02-18-2019 09:36:51 AM -0800
02-18-2019 07:35:39 AM -0800
02-17-2019 12:39:26 PM -0800
02-17-2019 08:18:34 AM -0800
02-15-2019 01:00:05 PM -0800
It looks like you've previously blocked notifications. If you'd like to receive them, please update your browser permissions.
Desktop Notifications are  | 
Get instant alerts on your desktop.
Turn on desktop notifications?
Remind me later.
PJ Media encourages you to read our updated PRIVACY POLICY and COOKIE POLICY.

Stretch, grab a late afternoon cup of caffeine and get caught up on the most important news of the day with our Coffee Break newsletter. These are the stories that will fill you in on the world that's spinning outside of your office window - at the moment that you get a chance to take a breath.
Sign up now to save time and stay informed!

But Is It Human?


When I was little, my dad told me about Spartan infanticide: How a new baby was brought to the father, who then either accepted/recognized him/her or directed that the child be killed.

I wasn’t that little, and this was by the way of being a joke on the fact that I was premature, very small and would never have survived.  While old enough to understand the joke, I thought it was a barbaric and despicable system, putting the life of a newborn in the hands of a flawed individual who might just not feel really cordial that day, or kill the child for monetary and convenience reasons.

I was very glad we no longer lived in such a barbarous age.

For a while now, I’ve suspected I was wrong.  Governor Northam’s speech was only the glaringly obvious slap in the face to prove that indeed and in fact, we do very much live in a world like Sparta’s.  Only these days it’s not the father who gets to decide, but the mother.

You see, lacking a solid point at which we declare that life in the womb is/isn’t human, we have defaulted by degrees to “It’s human if it’s wanted.” Specifically, if it’s wanted by the mother.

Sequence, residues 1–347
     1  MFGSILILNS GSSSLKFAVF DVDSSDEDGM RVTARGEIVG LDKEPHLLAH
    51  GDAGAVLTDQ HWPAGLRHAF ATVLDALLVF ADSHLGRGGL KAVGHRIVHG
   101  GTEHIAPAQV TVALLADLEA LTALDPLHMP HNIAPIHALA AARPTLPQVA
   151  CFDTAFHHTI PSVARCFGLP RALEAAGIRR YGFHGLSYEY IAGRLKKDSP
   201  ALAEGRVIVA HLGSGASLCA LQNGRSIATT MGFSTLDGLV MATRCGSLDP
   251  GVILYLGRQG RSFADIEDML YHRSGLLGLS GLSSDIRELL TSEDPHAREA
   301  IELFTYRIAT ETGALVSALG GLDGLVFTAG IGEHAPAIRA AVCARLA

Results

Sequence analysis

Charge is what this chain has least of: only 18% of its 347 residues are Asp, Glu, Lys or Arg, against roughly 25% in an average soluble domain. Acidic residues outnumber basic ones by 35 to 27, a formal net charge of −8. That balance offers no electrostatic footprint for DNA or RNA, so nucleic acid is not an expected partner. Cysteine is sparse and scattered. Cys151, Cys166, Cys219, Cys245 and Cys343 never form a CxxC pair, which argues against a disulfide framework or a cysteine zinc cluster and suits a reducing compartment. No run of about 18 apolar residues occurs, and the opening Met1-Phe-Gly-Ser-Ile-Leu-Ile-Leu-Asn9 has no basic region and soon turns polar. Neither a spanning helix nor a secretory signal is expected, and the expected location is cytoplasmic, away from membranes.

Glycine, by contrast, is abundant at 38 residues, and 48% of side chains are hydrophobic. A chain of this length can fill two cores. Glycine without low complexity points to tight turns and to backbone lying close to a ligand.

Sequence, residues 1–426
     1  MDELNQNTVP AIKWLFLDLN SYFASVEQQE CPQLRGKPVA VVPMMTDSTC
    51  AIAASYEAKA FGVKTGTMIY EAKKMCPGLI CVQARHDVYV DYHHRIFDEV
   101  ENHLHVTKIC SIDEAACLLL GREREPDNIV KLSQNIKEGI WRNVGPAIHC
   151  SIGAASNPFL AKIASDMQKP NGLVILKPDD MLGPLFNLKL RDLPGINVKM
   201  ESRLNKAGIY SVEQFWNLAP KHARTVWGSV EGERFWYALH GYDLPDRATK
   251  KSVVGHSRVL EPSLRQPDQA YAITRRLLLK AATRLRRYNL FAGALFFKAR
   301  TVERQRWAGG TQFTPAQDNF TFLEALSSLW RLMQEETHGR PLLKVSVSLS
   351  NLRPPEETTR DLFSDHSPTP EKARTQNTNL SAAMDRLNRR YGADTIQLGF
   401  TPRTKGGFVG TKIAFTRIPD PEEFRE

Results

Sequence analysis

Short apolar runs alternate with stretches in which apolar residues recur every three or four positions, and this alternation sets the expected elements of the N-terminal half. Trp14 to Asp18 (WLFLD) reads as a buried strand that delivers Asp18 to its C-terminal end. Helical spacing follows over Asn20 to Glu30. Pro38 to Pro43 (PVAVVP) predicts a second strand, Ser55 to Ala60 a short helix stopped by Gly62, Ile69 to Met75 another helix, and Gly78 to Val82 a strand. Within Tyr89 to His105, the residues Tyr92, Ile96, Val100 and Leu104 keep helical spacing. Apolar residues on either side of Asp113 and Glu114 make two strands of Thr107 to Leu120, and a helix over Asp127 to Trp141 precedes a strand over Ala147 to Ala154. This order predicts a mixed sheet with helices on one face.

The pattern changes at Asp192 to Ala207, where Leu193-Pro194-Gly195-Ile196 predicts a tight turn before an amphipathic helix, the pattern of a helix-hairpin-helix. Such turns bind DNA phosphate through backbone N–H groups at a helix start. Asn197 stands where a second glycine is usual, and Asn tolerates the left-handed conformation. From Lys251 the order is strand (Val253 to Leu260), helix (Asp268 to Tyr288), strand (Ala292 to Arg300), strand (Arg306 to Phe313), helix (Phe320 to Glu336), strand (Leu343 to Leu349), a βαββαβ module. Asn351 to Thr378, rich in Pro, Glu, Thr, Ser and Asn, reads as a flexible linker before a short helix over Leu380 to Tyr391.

Unfortunately, this opens the door to atrocity.

It’s not even a slippery slope, just a working out of the conclusion.  If you’re not wanted once you’re born, why should you be accorded any more “humanity” than you were if unwanted in the womb?  Why should there be a limit to when you stop being wanted?

Should the mother have the right to kill her children when they disappoint her?  Should she be able to have her daughter killed at 14 because she had a C? To have her son killed at 16 because he turns out to be gay?

If not, why not? When does humanity stop being conditional on “Mommy wants you?”  At majority?  So, until eighteen you are the mother’s property and subject to the death penalty if you stop being wanted?

For a glimpse of what this would bring peruse your “pets” section of your local Craigslist and see how many expensive pets are “seeking a new home.”  They were once very much wanted, sought out and paid for.  But two years later, the new boyfriend is “allergic.”  Work “doesn’t allow us time” and so on and so forth.

“Was wanted by mother” is a lousy way of determining humanity.

But we have no other. Abortion at any and all points of pregnancy — for reasons not nearly so dire as “life of the mother” or “incest and rape” — has left the door wide open to: when is an individual human a human, with that famed “right to life” that is enshrined in our founding documents?